Federal judicial clerkship background check

Oral argument may range from the eloquent delivery of thoughtful experts to the over-the-top rantings of frustrated lawyers.

Federal Judiciary Careers: Staff Attorney and Law Clerk

Every day brings something new. Perhaps a poorly delivered argument really does have legs they are just hard to see. Some judges are intellectual giants or even Rhodes scholars, so their clerks know they have already considered every angle. A good clerk takes the privilege of that responsibility seriously.

Federal district court clerks work with everyone who sets foot in a courtroom. This includes lawyers of all stripes, paralegals, experts, criminal and civil litigants including pro se litigants , witnesses, court reporters, courtroom deputies, bailiffs, police officers, other judges, other clerks, probation officers, and anyone else who has reason to appear before the judge.

The people clerks see most often are the judge, fellow clerks and whoever the judge has staffed to assist in chambers. Clerks may work collaboratively with a court reporter, courtroom deputy, judicial assistant or career law clerk. Most clerks join chambers right out of law school, but others come from the real world of legal practice. One little known fact is that the folks joining up after starting their career enjoy a heftier paycheck than the newbies.

Clerking after starting legal practice can be a compelling option for smart, driven lawyers looking for a new intellectual challenge or a change of pace. Clerkships generally last either one or two years, so they are often an introduction to or a slight diversion from a straight shot career path.

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Variety is always on the menu for the federal district court clerk. The cavalcade of cases coming down the pike can include constitutional law, intellectual property, federal criminal law, claims against federal agencies, claims involving ambassadors or other international actors, securities law, claims brought in diversity on a variety of topics, and a variety of other allegations.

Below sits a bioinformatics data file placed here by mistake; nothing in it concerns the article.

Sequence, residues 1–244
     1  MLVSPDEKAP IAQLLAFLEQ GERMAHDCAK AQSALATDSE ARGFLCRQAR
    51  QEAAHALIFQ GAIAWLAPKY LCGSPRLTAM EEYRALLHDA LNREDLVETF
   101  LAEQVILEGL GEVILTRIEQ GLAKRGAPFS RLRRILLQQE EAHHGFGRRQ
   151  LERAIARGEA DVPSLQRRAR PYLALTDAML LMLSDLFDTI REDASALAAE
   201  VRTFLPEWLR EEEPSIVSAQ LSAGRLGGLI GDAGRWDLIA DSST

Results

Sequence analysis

NCSC | National Center for State Courts

Because there are so many different issues to consider, it is a perfect fit for a curious mind. There is a lot of work, and quite enough to keep anyone busy, but clerks can certainly still have a life. The pace is fast, but reasonable. Expectations are very high. Federal district court clerks have competed with some of the best and brightest for this spot, and edged them out. Those in the role must prove they deserve it. Most smart, driven people genuinely like clerking at the federal district court. Some clerks find the experience a bit lonely since it is largely devoted to researching and writing, done solo.

However, clerks who make a point of engaging the judge and fellow clerks can make the job more interactive.


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Clerkships also may not be a fit for those focused on filling a piggy bank. Although clerks will not get rich, they will be set up for success in any future litigation-oriented position by becoming more impressive and knowledgeable candidates. They may even be eligible for a clerkship bonus at their next gig! They love the intellectual challenges, weighing in on real-world matters and making a connection with someone who may be a life-long friend and mentor. District court clerks sometimes go on to clerk at the circuit court level. For others, really anything particularly anything involving litigation is possible.

Clerks have gone on to firms, academia, government, in-house, legal publishing, judiciary and any other career open to lawyers. Although federal budgets ebb and flow mostly ebb … , judges will always need clerks, and that does not depend on the market. Federal district court clerks must be hard workers with an eye toward detail and an eagerness to learn. Not one candidate comes into the role knowing everything they need to know, so being a quick study and a strong researcher is key.

Good clerks are inquisitive. Profiles include the judge's academic and professional background, experience on the bench, noteworthy rulings, and media coverage. Profiles are provided by lawyers who have tried cases before their respective federal judges. Arizona Clerkships:. Provides biographical information on all Arizona Supreme Court judges.

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Resources - Qualifications, Salary, Benefits - OSCAR

Subscription Required. Law Clerk Handbook. An online discussion board for students applying for judicial clerkships. The website also offers information and advice on obtaining clerkships, and links to clerkship listings. Biographical Directory of Federal Judges Provides biographical information on all federal judges from the U.

Court Clerk: Career Guide

Aldisert Call Number: KF The American Bench by M. Reincke and J. Wilhelmi Call Number: KF

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